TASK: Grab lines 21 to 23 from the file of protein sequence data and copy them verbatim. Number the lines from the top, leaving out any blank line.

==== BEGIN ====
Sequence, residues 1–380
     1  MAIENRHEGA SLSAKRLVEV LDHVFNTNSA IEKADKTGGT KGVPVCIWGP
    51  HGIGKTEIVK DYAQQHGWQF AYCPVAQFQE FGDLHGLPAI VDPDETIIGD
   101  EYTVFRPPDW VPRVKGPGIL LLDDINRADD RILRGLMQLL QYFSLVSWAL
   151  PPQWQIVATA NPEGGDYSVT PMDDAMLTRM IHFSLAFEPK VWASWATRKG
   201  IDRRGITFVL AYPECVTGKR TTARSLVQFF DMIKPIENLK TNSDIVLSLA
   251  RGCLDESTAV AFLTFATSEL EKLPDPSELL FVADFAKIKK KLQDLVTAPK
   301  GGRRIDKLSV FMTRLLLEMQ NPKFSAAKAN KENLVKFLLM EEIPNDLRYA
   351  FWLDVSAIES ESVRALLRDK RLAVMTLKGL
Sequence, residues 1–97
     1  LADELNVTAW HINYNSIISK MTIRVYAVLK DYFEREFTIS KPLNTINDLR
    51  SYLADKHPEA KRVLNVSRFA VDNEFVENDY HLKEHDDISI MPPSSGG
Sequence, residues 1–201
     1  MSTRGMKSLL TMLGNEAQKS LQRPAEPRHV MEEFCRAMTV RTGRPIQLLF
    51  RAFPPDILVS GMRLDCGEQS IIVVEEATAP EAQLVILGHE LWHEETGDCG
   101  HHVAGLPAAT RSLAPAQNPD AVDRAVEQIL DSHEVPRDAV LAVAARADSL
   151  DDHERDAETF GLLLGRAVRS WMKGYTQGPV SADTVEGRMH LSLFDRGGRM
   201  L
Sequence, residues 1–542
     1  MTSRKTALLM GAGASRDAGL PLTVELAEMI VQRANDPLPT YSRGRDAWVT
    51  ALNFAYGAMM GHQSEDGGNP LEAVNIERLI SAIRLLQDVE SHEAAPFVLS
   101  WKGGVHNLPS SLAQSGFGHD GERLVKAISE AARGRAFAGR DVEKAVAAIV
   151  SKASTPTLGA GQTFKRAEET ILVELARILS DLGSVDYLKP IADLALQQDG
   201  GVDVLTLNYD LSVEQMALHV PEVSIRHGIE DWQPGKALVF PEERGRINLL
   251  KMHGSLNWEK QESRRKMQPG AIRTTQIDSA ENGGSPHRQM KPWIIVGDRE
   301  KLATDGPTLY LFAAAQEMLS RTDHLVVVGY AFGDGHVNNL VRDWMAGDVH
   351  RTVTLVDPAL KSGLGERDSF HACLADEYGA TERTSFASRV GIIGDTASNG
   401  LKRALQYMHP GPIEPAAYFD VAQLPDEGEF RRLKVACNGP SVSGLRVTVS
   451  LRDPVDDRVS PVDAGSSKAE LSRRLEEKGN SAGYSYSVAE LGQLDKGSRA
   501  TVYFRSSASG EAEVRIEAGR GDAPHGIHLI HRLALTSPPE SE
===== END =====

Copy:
    51  ALNFAYGAMM GHQSEDGGNP LEAVNIERLI SAIRLLQDVE SHEAAPFVLS
   101  WKGGVHNLPS SLAQSGFGHD GERLVKAISE AARGRAFAGR DVEKAVAAIV
   151  SKASTPTLGA GQTFKRAEET ILVELARILS DLGSVDYLKP IADLALQQDG